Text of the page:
Once again, Abadzis makes use of Gabby’s sketchbook, lavishly brought to life by Arianna Florean’s fantastic sketches. Rather than serving as a brief glimpse into Gabby’s inner thoughts, Abadzis actually makes the book a key plot device, with Dorothy Bell sending a warning from the future through the pages of the book – kind of like “Blink” meets The Never Ending Story. It’s a great concept and allows Abadzis to further build up the mythology he’d set up in the final story-arc of Year One. Dorothy’s warning of upcoming doom teases a dark future where a corrupted version of Anubis is responsible for unleashing more evil into the universe, including a cameo of the Beast from “The Impossible Planet" and "The Satan Pit”. If Nick Abadzis is revisiting that character, then that would be a pretty cool development!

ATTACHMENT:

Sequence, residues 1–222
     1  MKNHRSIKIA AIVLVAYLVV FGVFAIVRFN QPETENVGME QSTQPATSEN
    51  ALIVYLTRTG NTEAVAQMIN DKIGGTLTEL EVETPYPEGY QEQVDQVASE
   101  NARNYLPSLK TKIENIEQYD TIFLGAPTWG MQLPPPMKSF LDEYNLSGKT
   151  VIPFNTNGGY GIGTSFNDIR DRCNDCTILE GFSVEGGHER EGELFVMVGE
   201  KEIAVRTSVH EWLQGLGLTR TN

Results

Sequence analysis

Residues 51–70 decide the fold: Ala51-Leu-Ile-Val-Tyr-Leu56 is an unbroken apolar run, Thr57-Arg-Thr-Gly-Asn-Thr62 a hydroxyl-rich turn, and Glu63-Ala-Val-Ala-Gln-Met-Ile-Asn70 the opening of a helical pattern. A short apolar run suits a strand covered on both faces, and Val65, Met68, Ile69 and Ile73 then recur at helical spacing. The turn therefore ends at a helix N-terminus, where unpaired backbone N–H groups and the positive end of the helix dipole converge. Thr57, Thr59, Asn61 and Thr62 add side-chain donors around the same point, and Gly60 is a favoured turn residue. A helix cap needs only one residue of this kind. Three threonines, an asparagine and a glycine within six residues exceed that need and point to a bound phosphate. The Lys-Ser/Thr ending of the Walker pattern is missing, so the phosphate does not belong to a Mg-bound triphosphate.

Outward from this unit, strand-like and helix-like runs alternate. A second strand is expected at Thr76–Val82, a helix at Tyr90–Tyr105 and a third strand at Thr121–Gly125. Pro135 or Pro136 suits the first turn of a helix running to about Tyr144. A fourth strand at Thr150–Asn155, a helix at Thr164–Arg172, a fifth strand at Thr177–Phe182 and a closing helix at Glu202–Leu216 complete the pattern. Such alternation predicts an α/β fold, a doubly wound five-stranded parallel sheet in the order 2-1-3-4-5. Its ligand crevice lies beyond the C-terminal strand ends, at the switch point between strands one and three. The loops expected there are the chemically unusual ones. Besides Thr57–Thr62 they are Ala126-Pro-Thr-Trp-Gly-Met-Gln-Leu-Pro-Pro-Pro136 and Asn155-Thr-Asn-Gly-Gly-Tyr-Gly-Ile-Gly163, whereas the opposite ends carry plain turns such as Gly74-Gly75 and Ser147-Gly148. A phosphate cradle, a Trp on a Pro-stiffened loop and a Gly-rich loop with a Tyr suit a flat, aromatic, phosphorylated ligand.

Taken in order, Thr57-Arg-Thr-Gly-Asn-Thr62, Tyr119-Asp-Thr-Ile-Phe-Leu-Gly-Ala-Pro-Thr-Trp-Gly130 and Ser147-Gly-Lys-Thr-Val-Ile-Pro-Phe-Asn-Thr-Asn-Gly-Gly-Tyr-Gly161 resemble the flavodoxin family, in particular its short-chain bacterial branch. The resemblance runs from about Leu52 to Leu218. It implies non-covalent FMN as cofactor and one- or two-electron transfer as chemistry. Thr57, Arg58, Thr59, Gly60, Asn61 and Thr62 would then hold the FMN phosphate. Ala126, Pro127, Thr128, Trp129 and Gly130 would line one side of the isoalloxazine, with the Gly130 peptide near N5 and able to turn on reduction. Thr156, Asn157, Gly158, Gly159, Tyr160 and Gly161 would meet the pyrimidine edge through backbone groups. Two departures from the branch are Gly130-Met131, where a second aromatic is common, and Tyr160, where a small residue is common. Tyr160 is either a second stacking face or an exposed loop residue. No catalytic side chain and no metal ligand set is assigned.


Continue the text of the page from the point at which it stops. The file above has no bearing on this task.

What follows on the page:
Elena Casagrande and Arianna Florean are a fantastic dream team of artists; working together to bring this uniquely crafted issue to life. I loved the way that this episode flowed from the inner monologue of Gabby’s sketch-book to the dramatic developments in the park. The duo complement each other’s work perfectly and I love the fact that Gabby’s sketchbook has become a vital element of the story, meaning that Florean is able to bring more of her wonderful sketches into the series. I would quite happily read an entire issue of Gabby’s sketchbook journal! Casagrande’s artwork remains as absolutely brilliant as before, and I loved the energy her art brought to the fight against Ebonite and his skull. Talking of which, I would love to see this mysterious character return in future episodes as he had such a distinctive design and very intriguing power set.